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Early Life History Stage Dynamics Across the Elevational Ranges of Andean Trees

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title
Early Life History Stage Dynamics Across the Elevational Ranges of Andean Trees
author
Hillyer, Rachel
abstract
In the face of climate change, one option species have is to shift their geographic ranges to respond to changing temperatures, precipitation, and other climatic variables. Accurately predicting how species distributions may shift with climate change requires an understanding of what controls species ranges that extends beyond correlations between species occurrences and abiotic factors. For species in tropical montane systems, changes in geographic ranges are predicted to occur along elevational gradients, particularly with respect to temperature, as latitudinal gradients in temperature are shallow or nonexistent. To move upslope species will have to disperse to new areas and contend with novel combinations of biotic and abiotic factors that are likely to affect establishment. The research described here leverages an elevational gradient in the Peruvian Andes to quantify how changes in biotic interactions and environmental factors affect the early life history stages and transitions of tropical trees.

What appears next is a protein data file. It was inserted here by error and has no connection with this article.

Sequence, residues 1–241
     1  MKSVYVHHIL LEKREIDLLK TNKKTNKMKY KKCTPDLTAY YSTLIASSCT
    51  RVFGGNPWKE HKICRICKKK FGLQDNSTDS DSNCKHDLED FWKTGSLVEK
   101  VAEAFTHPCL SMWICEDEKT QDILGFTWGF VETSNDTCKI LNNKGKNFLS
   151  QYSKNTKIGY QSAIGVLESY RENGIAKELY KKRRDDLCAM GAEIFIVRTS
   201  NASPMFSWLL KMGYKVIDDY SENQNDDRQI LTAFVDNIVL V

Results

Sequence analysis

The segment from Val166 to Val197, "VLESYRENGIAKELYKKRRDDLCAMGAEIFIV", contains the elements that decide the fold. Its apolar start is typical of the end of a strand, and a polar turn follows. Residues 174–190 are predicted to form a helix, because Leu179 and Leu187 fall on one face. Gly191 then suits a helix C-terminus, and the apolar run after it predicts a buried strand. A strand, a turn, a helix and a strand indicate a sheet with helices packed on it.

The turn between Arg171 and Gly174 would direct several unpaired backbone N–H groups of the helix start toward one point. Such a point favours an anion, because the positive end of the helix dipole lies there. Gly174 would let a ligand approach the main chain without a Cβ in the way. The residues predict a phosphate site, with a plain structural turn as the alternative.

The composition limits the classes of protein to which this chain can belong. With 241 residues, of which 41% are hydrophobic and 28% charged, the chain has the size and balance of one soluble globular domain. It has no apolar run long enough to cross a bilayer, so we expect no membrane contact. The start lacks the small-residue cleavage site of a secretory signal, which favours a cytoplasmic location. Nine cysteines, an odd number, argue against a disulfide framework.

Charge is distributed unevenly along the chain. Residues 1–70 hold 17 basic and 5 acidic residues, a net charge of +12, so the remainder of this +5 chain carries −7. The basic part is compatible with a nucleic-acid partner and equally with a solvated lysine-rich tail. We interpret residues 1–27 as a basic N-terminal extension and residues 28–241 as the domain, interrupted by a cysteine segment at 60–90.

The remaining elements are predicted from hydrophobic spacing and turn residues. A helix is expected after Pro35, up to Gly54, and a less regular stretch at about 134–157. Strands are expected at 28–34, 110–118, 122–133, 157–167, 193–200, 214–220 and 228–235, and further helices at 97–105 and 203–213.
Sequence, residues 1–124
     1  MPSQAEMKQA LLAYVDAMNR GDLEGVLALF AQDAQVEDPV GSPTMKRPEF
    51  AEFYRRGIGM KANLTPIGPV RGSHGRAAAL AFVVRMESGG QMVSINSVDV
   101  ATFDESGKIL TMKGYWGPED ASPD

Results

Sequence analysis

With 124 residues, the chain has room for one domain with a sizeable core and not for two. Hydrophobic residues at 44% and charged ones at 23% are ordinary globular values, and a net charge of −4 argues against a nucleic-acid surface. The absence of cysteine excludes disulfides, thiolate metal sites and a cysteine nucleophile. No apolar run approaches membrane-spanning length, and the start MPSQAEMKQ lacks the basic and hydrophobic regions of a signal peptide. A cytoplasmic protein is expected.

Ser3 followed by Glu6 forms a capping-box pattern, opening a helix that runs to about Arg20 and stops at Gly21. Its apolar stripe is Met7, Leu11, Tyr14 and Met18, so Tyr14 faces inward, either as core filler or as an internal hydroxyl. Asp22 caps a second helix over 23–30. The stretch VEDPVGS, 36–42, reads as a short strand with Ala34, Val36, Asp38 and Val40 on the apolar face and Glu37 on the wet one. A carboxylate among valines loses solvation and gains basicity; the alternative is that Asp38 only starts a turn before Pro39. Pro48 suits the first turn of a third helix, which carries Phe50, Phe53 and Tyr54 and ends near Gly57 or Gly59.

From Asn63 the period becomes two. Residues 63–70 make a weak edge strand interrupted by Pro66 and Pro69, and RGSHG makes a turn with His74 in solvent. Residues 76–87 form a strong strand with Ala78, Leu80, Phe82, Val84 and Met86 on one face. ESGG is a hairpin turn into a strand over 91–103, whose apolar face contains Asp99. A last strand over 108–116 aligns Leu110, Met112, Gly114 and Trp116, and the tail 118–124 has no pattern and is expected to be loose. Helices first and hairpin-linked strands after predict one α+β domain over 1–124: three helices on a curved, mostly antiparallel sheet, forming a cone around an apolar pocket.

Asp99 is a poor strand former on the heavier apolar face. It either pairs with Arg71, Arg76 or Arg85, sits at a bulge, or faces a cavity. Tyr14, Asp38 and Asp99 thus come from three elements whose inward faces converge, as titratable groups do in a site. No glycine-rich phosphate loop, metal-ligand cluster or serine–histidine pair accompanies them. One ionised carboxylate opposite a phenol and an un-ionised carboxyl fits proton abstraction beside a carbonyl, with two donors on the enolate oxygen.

subject
Andes
elevation gradient
palms
seedling
species ranges
contributor
Silman, Miles R (committee chair)
Clark, James S (committee member)
Anderson, T. Michael (committee member)
Kron, Kathleen A (committee member)
Smith, William K (committee member)
date
2018-08-23T08:35:34Z (accessioned)
2019-02-22T09:30:10Z (available)
2018 (issued)
degree
Biology (discipline)
embargo
2019-02-22 (terms)
identifier
http://hdl.handle.net/10339/92373 (uri)
language
en (iso)
publisher
Wake Forest University
type
Dissertation

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